Ella Taylor

Ella Taylor is a freelance film critic, book reviewer and feature writer living in Los Angeles.

Born in Israel and raised in London, Taylor taught media studies at the University of Washington in Seattle; her book Prime Time Families: Television Culture in Post-War America was published by the University of California Press.

Taylor has written for Village Voice Media, the LA Weekly, The New York Times, Elle magazine and other publications, and was a regular contributor to KPCC-Los Angeles' weekly film-review show FilmWeek.

You might expect big action from a movie about the hijacking of a cargo ship by Somali pirates. But after a preliminary flurry of roughing-up, the Danish drama A Hijacking is mostly about the excruciating process of getting to "yes" when language is the least of the barriers between two very different mindsets.

Horrific and uplifting, the excellent documentary Call Me Kuchu is partly framed as a portrait of David Kato, Uganda's first openly gay man. An activist of enormous courage and persistence — against odds that make the U.S. fight for marriage equality seem like a cakewalk — Kato was a savvy political strategist, with wit, charm and joie de vivre to burn. And he loved a good party, with his friends in drag where possible. But he was terrified of sleeping alone on his farm.

After the killing of Osama bin Laden in May 2011, the soldiers of the paramilitary force JSOC (Joint Special Operations Command) who carried out the operation were lionized as national heroes.

They earned more ambivalent treatment in Kathryn Bigelow's Zero Dark Thirty. And according to Dirty Wars, a documentary based on a book by investigative reporter Jeremy Scahill, their shadowy outfit has pretty much taken over America's global war on terrorism — and in flagrantly unconstitutional ways, he claims.

In The East, a slightly batty, weirdly involving new thriller about corporate espionage and eco-terrorism, rising star Brit Marling (last seen as Richard Gere's daughter in the drama Arbitrage) plays Sarah, an ambitious young private intelligence operative and former FBI agent.

Driving home from a screening of the ravishing new Israeli film Fill the Void, I caught sight of a young man in full Hasidic garb, trying to coax his toddler son across a busy Los Angeles street. My first thought was, "He's a boy himself, barely old enough to be a father, and they both look so pale."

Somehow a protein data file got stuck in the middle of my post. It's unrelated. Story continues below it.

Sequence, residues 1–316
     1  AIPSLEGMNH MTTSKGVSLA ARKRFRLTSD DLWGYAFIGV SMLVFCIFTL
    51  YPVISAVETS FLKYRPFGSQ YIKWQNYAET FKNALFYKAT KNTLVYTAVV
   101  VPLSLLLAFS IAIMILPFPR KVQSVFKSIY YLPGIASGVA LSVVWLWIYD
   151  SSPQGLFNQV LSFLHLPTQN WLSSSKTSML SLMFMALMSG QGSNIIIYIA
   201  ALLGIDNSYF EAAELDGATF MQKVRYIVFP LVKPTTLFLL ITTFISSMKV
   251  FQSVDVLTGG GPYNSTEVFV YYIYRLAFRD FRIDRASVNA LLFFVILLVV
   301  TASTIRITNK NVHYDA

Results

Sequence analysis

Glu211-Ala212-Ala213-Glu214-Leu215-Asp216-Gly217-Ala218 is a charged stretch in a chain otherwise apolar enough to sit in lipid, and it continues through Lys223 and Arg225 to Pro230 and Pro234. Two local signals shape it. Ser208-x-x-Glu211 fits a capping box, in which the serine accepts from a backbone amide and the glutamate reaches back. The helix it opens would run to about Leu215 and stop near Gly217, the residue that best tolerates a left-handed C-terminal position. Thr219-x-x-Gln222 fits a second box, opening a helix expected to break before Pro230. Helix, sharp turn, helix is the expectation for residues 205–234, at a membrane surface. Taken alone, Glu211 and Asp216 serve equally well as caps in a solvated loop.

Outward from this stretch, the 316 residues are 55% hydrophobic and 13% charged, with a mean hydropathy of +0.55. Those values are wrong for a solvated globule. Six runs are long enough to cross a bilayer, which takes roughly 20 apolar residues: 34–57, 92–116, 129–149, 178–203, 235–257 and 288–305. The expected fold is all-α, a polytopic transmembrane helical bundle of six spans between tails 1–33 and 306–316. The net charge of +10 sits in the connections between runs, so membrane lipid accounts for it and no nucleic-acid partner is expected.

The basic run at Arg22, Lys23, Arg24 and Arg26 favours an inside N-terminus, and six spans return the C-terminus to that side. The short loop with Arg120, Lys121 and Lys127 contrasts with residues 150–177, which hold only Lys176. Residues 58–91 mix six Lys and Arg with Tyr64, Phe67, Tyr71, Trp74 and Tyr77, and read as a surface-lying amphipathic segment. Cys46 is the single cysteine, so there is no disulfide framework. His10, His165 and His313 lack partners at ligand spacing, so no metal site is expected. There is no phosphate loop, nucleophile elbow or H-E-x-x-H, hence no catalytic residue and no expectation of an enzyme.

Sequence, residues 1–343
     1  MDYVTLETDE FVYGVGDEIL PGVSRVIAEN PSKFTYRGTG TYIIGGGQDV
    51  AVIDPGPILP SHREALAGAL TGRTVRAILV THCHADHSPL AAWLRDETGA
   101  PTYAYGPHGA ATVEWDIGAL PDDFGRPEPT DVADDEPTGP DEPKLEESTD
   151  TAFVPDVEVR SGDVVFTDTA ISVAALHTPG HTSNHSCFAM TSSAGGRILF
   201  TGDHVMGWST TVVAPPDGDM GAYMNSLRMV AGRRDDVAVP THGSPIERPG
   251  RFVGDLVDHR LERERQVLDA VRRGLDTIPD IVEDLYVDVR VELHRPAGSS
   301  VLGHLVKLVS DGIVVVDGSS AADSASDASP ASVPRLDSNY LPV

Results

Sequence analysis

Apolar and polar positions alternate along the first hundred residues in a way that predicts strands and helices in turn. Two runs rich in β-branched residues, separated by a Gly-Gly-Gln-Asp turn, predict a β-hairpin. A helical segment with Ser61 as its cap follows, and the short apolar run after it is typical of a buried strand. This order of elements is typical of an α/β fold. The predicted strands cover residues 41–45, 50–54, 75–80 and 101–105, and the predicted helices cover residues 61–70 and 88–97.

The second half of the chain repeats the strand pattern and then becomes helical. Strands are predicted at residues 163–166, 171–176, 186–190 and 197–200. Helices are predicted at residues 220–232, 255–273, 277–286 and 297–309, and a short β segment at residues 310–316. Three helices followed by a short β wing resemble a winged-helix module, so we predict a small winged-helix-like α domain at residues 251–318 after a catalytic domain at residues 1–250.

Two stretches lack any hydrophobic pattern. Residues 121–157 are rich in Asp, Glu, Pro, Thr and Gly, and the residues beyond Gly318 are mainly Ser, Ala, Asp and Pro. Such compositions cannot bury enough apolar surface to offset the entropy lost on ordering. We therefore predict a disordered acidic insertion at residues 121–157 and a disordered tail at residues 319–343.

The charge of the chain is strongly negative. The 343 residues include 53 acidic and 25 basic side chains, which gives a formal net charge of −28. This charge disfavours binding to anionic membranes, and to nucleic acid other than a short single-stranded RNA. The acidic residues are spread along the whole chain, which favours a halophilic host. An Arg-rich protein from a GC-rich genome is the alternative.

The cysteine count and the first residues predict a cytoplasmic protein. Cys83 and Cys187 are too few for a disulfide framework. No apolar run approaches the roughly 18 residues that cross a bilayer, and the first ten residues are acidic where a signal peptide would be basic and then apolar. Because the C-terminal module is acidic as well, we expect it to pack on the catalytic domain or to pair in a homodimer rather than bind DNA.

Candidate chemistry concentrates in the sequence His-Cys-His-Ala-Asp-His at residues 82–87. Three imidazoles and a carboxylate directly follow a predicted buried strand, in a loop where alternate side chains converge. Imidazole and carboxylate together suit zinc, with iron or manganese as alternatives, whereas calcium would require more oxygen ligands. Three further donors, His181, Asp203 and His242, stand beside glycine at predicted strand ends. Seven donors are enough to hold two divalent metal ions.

My second was, "I wonder what his life feels like?" This is the more open mindset that director Rama Burshtein asks from audiences going into her first feature, a love poem to the ultra-Orthodox world as seen from within.

Long a darling of the New York indie scene, Noah Baumbach came to filmmaking with a solid pedigree: His father is a film theorist and his mother was a movie critic at the Village Voice (where I've contributed myself).

What's left to know about Venus and Serena Williams? Probably not much that the tennis titans would be willing to share, given how heavily exposed they've been already, and how eager the press has been to wedge the sisters into ready-made narratives about race, celebrity and the daughters of a Svengali.

When a husband steps out on his wife while she's getting chemo, she's entitled to a weekend in the Mediterranean with Pierce Brosnan, right?

Right, but I believe he went there quite recently with Meryl Streep, did he not, albeit without the cancer? I didn't much care for Mamma Mia!, but the garish musical at least embraced its vulgarity with a full heart and a toe-tapping ABBA soundtrack. And now that I've seen Love Is All You Need, I'd settle for Streep doing the splits.

Like last year's fracking drama Promised Land, the new movie At Any Price is about farm people getting pushed around by corporations — except that there's no Matt Damon to rescue them, cleanse his soul and snag Rosemarie DeWitt in the bargain.

Among the semi-literate journals submitted by his high-school students, jaded French literature teacher Germain (Fabrice Luchini) is jazzed to find a rough diamond from a new pupil, Claude (Ernst Umhauer).

In weekly installments, the ingratiating but enigmatic teenager, who looks as though he just stepped out of a Pasolini movie, chronicles his efforts to insinuate himself into the family of one his classmates, an amiable but awkward underachiever named Rapha (Bastien Ughetto).